What we like
Pay special attention to their page’s “Patient Resources” tab. It is chocked full of rich information about health disorders that their prospective or existing patients would likely find interesting and valuable. The layout of the information – with a header, a short passage of content and then a “Learn More” button is brilliant. This provides a Facebook visitor with just enough information to become interested before referring them where most practices really want their traffic to go: their websites.

So that’s it: our ten favorite chiropractic Facebook pages? Do you agree? Disagree? Share with us on Twitter or Facebook.
Also, don’t forget to subscribe below. Next week we will be announcing our Top Ten Dental Facebook Pages of 2012!
To the health of your practice and its patients,
The CadenceMed Team

21 August 2012

Exercises for scoliosis in teens

Adolescent idiopathic scoliosis (AIS) is a rare (2% to 3% of the general population) spinal deformity affecting young people aged 10 through the end of the growth period. The deformity may continue into adulthood. AIS is characterised by one or more three-dimensional spinal curves. Disability, cosmetic deformity, pain, activity limitation, quality of life issues, breathing problems and the possibility of the scoliosis remaining with the person into and throughout adulthood are commonly associated with this condition. The cause of AIS is unknown.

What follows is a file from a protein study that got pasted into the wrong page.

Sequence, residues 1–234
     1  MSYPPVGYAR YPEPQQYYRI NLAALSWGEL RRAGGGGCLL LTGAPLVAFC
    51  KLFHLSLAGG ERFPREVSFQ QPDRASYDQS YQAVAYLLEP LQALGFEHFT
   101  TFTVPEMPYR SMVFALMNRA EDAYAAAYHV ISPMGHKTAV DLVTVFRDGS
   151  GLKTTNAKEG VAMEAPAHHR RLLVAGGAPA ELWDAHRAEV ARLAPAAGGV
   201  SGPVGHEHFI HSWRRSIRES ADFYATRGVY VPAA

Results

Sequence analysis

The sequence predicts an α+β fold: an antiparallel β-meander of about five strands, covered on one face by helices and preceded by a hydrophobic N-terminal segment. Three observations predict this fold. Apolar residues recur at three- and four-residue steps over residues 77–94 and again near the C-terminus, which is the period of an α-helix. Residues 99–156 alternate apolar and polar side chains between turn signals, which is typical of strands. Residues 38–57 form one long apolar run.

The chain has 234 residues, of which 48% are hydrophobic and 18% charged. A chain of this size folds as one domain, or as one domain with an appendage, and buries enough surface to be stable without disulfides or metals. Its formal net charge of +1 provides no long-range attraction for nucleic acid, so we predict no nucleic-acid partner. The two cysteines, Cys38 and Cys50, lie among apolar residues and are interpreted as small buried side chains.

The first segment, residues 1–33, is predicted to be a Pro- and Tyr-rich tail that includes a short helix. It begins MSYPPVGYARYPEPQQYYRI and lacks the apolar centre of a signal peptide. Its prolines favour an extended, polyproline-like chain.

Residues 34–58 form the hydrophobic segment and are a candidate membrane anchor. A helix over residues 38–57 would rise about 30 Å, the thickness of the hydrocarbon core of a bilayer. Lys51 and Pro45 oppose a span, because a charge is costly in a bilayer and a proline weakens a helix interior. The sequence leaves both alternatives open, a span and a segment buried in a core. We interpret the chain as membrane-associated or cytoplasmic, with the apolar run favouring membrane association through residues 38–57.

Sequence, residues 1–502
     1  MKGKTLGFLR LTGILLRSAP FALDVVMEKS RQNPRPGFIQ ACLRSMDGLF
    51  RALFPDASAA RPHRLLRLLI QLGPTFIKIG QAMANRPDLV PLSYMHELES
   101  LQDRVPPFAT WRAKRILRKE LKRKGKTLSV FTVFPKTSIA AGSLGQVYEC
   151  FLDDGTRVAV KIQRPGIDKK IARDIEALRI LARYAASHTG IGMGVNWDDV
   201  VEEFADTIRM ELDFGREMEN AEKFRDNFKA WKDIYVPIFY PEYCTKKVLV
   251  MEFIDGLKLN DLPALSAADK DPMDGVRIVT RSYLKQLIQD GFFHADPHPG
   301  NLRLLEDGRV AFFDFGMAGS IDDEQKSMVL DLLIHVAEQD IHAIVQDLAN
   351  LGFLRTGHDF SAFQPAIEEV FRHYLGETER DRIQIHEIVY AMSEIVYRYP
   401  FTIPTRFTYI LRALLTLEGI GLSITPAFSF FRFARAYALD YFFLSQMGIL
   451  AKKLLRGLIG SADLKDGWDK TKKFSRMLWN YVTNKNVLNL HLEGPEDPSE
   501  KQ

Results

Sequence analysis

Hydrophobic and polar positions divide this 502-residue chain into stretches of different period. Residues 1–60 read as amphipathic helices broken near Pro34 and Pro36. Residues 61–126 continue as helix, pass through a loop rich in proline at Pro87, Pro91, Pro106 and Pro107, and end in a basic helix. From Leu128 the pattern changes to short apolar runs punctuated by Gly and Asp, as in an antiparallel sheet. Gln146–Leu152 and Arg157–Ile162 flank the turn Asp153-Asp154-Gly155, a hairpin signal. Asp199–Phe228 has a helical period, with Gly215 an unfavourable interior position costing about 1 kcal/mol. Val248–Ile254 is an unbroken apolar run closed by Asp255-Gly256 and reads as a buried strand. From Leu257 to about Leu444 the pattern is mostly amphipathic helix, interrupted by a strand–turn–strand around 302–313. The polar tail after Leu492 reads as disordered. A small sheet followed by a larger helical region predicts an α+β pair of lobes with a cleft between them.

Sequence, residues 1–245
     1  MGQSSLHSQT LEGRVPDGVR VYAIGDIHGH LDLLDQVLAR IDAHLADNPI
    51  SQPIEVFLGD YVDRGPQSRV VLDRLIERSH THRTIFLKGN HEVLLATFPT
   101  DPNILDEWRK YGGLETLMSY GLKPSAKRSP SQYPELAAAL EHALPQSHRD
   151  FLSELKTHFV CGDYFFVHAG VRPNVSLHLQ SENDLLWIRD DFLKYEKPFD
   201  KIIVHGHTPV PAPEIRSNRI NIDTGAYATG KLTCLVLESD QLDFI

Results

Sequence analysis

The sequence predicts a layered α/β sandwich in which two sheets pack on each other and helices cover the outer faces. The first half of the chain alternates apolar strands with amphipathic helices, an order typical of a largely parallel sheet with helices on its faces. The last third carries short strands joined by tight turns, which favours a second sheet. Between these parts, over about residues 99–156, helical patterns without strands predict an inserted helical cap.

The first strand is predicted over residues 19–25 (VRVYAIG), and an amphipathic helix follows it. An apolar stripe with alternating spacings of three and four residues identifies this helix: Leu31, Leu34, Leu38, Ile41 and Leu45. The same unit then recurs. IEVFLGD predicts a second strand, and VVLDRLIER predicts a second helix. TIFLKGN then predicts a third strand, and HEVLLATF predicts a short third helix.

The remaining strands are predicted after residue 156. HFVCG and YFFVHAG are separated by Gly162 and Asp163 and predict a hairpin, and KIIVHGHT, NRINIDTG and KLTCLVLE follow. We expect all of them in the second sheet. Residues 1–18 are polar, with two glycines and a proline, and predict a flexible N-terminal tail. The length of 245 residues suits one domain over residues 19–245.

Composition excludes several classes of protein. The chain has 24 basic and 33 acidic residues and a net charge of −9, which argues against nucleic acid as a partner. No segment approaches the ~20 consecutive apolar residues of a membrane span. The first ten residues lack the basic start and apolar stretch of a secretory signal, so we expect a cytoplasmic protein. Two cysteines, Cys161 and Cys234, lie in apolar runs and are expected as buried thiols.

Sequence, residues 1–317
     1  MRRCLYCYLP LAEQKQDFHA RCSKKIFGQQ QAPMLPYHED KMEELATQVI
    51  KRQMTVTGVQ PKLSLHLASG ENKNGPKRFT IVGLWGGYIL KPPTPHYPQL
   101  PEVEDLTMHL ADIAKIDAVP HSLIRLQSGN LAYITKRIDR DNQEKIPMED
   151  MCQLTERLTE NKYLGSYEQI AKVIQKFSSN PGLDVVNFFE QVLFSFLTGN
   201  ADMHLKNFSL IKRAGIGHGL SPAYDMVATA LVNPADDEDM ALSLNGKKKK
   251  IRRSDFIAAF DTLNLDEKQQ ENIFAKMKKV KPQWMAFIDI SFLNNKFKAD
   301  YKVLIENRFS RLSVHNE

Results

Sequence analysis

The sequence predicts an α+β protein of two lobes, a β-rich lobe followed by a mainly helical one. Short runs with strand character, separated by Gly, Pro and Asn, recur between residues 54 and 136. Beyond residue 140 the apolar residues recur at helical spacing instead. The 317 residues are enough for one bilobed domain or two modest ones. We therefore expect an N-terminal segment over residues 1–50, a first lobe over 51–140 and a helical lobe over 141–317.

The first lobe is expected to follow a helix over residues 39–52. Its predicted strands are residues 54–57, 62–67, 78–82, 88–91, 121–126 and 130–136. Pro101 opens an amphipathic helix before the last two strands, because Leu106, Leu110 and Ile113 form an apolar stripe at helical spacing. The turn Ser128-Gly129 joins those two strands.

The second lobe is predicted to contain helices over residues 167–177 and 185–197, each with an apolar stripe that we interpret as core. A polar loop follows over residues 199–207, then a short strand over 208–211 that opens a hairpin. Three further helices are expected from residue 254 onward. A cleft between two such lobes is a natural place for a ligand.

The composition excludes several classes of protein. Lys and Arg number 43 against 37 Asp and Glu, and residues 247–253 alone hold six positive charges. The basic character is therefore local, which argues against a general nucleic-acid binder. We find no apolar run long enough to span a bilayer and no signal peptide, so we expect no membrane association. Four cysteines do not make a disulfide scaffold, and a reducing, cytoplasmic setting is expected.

Treatment for AIS varies according to the degree of severity of the curves. Just the same, exercise is almost always a part of the treatment plan. In milder cases, exercise may be the main treatment, and in more severe cases it may serve as an adjunct. In the UK and the US, physical therapy for scoliosis consists mainly of general strengthening and stretching exercises, along with exercise protocols with which the treating therapist is familiar. There is a corresponding feeling among practitioners in these geographical locations that physical therapy for scoliosis is not effective.

Scoliosis specific exercises (SSEs) are individualised exercises aimed at reducing the deformity. SSEs are taught in clinics that specialize in scoliosis. The exercises work by changing the soft tissue that affects the spine. SSEs are also thought to work by altering control of spinal movement. There are no known side effects or risks to using SSEs .

The purpose of this review was to evaluate the effectiveness of SSEs in reducing curve progression and postponing or avoiding invasive treatment such as surgery in adolescents with AIS. Two studies involving 154 patients total were included. The review found no evidences for or against SSE. The two included studies yielded very low quality evidence that SSEs added to other treatments are more effective than electrical stimulation, traction and posture training for avoiding curve progression, and that SSEs as a standalone treatment yield almost the same results as general physiotherapy.

Possible limitations of this review included the small number of studies that met the inclusion criteria and a high risk of bias, particularly selection bias. More randomised controlled trials are needed in this area, along with a deeper understanding of the types of SSEs useful for the adolescent with AIS.

Comment from Dr. Kevin Lau: I have seen time and time again that therapies that merely focus on the physical deformity and imbalance to be ineffective... Treating scoliosis at its source involves diet and lifestyle changes which can affect how genes are expressed. For more info read my book.